The Ministry of the Environment and Island Health have issued an air quality advisory for Duncan.
According to officials, high concentrations of fine particulate matter are expected to persist until weather conditions change. Over the last 24 hours, fine particulate concentrations average 31 micrograms per cubic metre, as of 8 a.m. The provincial air quality objective is 25 micrograms per cubic metres.
The elevated concentrations are due to poor dispersion from calm winds over the area. The fine particulate concentrations are expected to be higher during the evening, overnight and early morning hours.
Exposure is a concern for infants, the elderly and people who have diabetes, lung or heart disease. People with chronic underlying medical conditions are advised to avoid strenuous exercise until the advisory is lifted. Staying indoors and in air-conditioned spaces can help reduce fine particulate exposure.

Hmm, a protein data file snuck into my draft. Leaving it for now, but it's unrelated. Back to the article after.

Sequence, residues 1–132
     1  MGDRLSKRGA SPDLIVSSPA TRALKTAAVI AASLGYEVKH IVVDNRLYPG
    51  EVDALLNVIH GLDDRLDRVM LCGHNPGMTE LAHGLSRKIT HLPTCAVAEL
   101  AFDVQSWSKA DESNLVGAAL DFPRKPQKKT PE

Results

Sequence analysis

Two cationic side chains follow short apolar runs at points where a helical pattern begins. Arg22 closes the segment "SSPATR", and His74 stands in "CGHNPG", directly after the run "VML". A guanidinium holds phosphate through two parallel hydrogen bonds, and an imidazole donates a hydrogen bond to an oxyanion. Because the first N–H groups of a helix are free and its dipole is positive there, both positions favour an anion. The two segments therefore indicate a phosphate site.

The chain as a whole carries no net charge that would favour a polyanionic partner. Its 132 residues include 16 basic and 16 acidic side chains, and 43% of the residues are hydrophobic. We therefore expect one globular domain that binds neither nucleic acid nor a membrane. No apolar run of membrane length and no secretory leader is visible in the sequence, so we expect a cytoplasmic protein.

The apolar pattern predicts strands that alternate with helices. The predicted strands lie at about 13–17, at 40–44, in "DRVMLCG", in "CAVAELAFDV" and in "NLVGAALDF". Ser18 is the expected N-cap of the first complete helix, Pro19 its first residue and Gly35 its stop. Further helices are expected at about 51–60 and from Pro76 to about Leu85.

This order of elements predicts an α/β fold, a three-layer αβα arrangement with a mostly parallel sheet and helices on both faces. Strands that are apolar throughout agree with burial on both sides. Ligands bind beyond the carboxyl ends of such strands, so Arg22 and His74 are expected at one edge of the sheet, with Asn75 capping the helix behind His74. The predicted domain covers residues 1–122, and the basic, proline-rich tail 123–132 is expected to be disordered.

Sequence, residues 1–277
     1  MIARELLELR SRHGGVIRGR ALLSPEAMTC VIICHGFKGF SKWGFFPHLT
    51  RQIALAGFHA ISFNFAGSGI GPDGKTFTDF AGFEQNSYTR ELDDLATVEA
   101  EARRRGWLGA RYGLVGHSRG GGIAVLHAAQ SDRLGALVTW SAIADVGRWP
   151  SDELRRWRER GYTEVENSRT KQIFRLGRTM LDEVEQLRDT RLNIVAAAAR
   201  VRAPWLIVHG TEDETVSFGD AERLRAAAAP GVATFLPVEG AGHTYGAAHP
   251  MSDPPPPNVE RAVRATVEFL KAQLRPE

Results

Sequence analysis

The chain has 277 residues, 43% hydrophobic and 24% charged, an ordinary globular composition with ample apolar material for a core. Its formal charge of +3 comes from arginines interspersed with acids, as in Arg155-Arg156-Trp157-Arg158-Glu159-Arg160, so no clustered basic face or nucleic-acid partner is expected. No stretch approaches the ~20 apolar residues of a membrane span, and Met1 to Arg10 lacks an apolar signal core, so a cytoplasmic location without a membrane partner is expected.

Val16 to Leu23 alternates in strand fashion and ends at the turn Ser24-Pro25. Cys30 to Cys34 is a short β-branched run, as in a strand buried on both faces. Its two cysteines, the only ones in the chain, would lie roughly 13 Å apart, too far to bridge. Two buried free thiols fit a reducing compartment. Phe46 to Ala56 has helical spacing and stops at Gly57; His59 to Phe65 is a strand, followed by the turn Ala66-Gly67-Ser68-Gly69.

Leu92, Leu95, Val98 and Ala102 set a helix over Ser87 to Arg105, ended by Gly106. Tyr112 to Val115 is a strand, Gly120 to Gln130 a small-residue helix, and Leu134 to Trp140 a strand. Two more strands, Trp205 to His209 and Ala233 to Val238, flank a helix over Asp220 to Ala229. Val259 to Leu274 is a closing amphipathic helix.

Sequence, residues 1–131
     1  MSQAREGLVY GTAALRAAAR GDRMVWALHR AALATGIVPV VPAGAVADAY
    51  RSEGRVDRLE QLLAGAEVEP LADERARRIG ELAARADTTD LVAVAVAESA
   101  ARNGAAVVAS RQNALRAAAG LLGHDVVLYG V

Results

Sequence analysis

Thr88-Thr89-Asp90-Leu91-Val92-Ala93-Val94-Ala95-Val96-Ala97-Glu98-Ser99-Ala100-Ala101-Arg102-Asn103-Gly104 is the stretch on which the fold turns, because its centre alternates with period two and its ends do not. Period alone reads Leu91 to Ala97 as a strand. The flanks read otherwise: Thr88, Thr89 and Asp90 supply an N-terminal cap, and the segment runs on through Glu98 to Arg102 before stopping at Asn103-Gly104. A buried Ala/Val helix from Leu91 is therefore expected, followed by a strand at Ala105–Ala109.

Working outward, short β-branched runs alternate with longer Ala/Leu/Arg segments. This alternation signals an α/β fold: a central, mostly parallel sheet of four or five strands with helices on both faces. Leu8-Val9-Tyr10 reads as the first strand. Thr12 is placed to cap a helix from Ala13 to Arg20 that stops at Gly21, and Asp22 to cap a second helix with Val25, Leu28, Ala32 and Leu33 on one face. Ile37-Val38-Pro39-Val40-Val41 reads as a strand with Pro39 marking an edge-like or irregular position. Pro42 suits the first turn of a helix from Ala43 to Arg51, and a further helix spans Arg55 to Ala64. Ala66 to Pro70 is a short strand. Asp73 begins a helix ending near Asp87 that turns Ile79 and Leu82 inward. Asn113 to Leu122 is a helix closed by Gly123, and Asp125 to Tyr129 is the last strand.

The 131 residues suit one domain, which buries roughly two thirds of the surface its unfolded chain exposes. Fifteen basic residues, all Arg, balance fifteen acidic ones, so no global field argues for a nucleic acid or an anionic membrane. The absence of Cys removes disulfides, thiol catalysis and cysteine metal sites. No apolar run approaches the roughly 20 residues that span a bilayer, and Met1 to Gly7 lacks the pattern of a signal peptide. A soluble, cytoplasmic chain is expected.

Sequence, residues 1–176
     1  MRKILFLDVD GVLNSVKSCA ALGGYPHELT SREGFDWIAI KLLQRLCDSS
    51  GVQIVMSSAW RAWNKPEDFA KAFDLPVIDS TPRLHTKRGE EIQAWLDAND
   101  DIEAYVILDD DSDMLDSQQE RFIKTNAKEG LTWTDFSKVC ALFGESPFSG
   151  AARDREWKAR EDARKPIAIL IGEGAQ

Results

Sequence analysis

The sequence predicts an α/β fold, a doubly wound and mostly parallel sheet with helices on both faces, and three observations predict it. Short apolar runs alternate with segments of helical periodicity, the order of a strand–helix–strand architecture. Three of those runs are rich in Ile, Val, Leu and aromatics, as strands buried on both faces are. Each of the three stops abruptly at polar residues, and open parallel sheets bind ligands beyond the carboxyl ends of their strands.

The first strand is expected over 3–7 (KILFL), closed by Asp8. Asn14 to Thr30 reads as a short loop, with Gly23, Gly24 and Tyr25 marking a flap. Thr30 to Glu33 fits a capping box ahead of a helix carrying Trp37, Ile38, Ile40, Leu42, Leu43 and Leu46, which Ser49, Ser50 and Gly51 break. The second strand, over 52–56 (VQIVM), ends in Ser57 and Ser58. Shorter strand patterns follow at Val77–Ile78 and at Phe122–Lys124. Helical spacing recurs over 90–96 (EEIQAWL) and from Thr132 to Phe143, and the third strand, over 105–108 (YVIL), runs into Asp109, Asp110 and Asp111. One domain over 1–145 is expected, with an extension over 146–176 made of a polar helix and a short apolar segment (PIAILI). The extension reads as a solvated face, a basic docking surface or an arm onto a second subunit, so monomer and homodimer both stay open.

An open burning restriction is also in effect for the Cowichan Valley within 15 kilometres of three days. New fires cannot be started and additional material cannot be added to existing fires.
Officials said residents can also reduce emissions by avoiding the use of wood stoves and fireplaces unless necessary, burn well-cured dry wood and ensure an adequate supply of combustion air, avoid backyard burning and reducing the use and idling of vehicles.
The air quality advisory that was issued for Courtenay on Dec. 7 has ended as air quality has improved. However, open burning restrictions remain in effect until Dec. 11.